That is the key finding of a study produced by Equally Well Te Pou (Te Pou), s group of people and organisations with the common goal of achieving physical health equity for people who experience mental health and addiction issues.
While it was released earlier this year, the report – titled The evidence on COVID-19 risk for people experiencing mental health and addiction issues – is strong evidence to support adults with mental health and addiction issues being prioritised for COVID-19 vaccination.
Te Pou undertook a literature scan to inform its study’s key finding, concluding there is an independent association between the experience of mental health and addiction issues and a higher likelihood of infection with, and poor outcomes from, COVID-19.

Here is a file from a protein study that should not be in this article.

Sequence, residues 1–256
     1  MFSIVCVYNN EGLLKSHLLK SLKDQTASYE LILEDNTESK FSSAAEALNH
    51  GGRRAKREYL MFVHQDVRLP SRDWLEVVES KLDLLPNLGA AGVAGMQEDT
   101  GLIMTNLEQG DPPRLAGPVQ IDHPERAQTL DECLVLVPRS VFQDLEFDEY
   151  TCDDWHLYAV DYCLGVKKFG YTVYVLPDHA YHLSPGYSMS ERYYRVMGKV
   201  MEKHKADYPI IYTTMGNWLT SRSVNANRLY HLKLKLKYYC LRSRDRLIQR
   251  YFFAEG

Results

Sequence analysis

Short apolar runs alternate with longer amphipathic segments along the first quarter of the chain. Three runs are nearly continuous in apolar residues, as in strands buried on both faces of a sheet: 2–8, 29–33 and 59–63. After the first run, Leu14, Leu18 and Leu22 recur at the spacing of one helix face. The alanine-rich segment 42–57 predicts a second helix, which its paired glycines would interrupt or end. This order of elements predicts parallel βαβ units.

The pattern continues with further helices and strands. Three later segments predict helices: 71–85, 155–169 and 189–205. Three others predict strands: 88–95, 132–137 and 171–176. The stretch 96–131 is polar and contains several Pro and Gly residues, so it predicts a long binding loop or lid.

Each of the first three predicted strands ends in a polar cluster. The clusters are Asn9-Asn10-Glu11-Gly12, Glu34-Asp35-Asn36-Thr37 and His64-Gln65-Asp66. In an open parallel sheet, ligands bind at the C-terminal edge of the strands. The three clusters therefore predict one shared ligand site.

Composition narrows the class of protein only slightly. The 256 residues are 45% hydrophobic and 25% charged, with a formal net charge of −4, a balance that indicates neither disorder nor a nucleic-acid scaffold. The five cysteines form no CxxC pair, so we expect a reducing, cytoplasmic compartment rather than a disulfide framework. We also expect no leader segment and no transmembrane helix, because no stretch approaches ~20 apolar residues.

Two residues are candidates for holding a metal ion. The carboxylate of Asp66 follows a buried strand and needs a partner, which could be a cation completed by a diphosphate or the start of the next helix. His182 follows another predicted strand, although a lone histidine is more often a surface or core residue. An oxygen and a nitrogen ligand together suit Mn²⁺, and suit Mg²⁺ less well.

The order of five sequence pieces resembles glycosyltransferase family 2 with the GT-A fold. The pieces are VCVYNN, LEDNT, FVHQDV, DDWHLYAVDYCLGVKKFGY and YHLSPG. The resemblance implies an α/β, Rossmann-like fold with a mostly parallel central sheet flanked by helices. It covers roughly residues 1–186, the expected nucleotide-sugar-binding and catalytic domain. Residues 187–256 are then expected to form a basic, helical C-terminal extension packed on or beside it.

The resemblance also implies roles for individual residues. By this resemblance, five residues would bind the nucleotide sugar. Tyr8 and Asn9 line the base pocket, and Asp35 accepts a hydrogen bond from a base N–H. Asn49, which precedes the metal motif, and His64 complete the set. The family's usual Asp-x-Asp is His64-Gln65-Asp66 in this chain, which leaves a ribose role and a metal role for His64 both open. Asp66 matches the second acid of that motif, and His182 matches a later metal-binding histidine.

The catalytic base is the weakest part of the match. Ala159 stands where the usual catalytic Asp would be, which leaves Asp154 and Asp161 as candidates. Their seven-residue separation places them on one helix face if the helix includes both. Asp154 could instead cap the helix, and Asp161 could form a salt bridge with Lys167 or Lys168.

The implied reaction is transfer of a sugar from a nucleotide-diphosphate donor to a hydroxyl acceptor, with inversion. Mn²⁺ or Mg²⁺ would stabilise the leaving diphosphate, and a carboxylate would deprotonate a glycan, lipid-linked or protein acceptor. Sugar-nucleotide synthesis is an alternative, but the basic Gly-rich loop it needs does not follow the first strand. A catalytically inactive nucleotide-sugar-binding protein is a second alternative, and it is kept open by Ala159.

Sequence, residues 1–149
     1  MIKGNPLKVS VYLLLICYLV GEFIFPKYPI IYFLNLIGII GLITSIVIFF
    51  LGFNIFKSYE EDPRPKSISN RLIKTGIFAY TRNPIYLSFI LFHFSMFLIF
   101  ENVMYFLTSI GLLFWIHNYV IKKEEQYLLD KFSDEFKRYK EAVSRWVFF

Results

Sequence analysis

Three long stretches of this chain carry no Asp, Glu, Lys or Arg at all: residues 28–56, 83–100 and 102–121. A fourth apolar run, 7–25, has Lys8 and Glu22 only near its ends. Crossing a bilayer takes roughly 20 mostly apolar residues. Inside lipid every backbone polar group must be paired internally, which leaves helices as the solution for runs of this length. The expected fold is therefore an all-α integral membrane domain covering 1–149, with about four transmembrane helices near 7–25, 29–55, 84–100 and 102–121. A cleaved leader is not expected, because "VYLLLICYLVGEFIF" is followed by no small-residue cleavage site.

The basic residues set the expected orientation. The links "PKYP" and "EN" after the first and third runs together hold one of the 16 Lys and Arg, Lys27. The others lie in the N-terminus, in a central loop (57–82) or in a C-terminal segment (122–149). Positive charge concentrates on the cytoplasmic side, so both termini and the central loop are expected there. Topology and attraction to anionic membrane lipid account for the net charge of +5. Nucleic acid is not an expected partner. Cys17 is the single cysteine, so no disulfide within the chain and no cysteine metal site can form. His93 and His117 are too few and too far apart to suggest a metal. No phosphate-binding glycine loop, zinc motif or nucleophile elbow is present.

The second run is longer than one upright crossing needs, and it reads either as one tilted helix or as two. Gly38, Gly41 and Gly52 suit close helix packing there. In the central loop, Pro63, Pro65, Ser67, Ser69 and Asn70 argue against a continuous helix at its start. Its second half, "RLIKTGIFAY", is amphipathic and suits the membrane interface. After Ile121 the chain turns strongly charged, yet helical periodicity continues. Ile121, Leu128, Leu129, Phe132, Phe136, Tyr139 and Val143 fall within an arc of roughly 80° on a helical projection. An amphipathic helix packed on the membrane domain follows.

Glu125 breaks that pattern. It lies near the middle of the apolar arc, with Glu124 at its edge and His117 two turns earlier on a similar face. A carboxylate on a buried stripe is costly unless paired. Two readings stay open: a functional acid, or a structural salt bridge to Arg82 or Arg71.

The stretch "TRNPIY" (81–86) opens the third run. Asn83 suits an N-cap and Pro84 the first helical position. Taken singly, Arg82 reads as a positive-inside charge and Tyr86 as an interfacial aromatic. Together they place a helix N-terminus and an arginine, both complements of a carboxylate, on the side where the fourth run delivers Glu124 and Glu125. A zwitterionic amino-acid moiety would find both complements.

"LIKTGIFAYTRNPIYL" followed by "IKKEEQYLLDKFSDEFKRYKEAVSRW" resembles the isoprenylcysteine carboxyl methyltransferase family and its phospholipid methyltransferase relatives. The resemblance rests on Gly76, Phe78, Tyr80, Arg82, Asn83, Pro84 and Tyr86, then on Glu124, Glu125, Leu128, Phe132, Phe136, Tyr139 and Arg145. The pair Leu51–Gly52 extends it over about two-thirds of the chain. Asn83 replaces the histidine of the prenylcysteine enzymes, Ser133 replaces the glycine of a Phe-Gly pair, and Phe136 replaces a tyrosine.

“It is clear from this evidence that if vaccination prioritisation is based simply on the physical health conditions that this group typically experience, this would exacerbate existing health inequities,” the study states.
“This evidence update therefore helps inform the Equally Well collaborative and others to take action, increase awareness, and advocate for the need to include people with experience of mental health and addiction issues as a priority group for vaccination rollout.”
Overseas researchers are highlighting the importance of including people with experience of mental health and addiction issues as a priority group for COVID-19 vaccination.
New Zealand began its COVID-19 vaccination rollout in February 2021. The Vaccine Sequencing Framework sets out who will be vaccinated first, and when, in relation to different scenarios.